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17 Jun 2022

Joe Miller, The Financial Times (UK),

Volkswagen faces union and shareholder pressure to address human rights allegations in China supply chain

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"Volkswagen faces union and shareholder calls to examine China human rights allegations" 17 June 2022

Volkswagen’s anchor shareholder, the state of Lower Saxony, has joined Germany’s most powerful union boss in calling on the company to address allegations of human rights abuses in Xinjiang, the Chinese province where the manufacturer has had a car plant since 2013.

The unusual interventions by IG Metall’s Jörg Hofmann and Lower Saxony’s minister president Stephan Weil — both of whom sit on VW’s supervisory board — come as the company faces increased scrutiny from activists, the media and politicians over its activities in China, its largest and most lucrative market. [...]

Hofmann told newspapers in Lower Saxony that VW should ask whether it “was proper to end its activities [in Xinjiang]”, and warned against VW becoming a “fig leaf” for China’s human rights violations. Weil, meanwhile, said in a statement that the group should “closely examine” the accusations. [...]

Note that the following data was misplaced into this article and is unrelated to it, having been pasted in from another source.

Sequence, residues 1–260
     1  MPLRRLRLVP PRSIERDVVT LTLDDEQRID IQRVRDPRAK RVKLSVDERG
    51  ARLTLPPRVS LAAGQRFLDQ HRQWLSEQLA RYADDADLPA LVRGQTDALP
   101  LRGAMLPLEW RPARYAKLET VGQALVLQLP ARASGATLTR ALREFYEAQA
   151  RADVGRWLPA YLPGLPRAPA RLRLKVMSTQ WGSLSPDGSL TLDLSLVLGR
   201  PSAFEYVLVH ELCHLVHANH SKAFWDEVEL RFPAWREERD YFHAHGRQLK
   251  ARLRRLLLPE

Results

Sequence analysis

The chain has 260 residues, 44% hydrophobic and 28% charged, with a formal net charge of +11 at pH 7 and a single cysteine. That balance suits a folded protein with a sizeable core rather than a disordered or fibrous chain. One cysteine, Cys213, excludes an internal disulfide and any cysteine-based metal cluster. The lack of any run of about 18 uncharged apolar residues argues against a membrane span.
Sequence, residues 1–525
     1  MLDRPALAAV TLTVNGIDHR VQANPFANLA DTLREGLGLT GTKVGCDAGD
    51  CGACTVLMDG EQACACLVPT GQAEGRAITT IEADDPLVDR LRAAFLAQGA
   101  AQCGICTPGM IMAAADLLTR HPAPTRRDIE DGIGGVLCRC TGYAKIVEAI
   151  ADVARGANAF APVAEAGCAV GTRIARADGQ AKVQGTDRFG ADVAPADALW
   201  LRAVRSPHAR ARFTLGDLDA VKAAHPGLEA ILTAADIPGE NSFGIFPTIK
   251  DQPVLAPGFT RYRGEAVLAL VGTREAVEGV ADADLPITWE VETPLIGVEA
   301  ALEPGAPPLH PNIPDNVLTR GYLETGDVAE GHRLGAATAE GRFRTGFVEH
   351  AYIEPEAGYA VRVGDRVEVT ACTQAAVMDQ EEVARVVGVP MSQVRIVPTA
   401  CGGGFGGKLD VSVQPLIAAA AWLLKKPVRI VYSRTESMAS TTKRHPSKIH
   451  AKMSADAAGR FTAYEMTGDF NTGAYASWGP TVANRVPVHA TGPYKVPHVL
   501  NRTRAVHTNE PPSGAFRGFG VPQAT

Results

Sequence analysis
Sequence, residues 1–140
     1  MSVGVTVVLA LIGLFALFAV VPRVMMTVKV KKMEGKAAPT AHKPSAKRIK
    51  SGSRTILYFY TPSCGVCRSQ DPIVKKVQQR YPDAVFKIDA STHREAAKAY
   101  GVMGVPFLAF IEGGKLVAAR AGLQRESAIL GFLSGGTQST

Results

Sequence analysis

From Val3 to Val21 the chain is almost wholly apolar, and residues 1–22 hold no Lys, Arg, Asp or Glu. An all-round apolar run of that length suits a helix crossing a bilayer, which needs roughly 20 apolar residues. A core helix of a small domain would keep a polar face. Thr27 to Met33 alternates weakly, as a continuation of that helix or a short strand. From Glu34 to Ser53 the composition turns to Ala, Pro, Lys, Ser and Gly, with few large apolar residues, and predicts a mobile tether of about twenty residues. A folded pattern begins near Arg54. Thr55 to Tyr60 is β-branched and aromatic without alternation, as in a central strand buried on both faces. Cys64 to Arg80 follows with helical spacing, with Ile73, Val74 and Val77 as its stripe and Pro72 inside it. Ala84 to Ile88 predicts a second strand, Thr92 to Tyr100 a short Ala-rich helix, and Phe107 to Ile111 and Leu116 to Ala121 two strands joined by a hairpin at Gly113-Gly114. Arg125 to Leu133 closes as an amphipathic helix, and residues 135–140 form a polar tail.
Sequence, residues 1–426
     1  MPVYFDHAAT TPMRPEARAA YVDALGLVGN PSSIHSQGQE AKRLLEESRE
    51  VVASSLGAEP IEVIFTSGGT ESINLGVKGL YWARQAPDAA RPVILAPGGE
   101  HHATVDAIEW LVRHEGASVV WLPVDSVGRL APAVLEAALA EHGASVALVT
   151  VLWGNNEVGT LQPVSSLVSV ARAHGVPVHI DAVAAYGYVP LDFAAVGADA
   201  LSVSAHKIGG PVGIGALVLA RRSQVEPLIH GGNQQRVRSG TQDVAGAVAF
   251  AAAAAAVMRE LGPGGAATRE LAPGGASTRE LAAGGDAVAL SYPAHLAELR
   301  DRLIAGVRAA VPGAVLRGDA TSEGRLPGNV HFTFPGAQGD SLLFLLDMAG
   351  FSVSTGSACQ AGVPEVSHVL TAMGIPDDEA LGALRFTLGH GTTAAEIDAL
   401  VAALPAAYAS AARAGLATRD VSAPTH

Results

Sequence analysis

Weil reiterated VW’s claim that no human rights or labour rights violations had been identified at the carmaker’s Urumqi plant, but added that “this does not relieve the group of its duty to deal intensively with the issue and to closely examine the allegations”. [...]

VW, which runs the Xinjiang plant in conjunction with its joint-venture partner SAIC, said “all important topics relevant to our business are addressed” in its discussions with the Chinese government.

“In our worldwide business activities, we ensure that our values are lived and our standards are upheld,” it added. “We expect the same from our local business partners.” [...]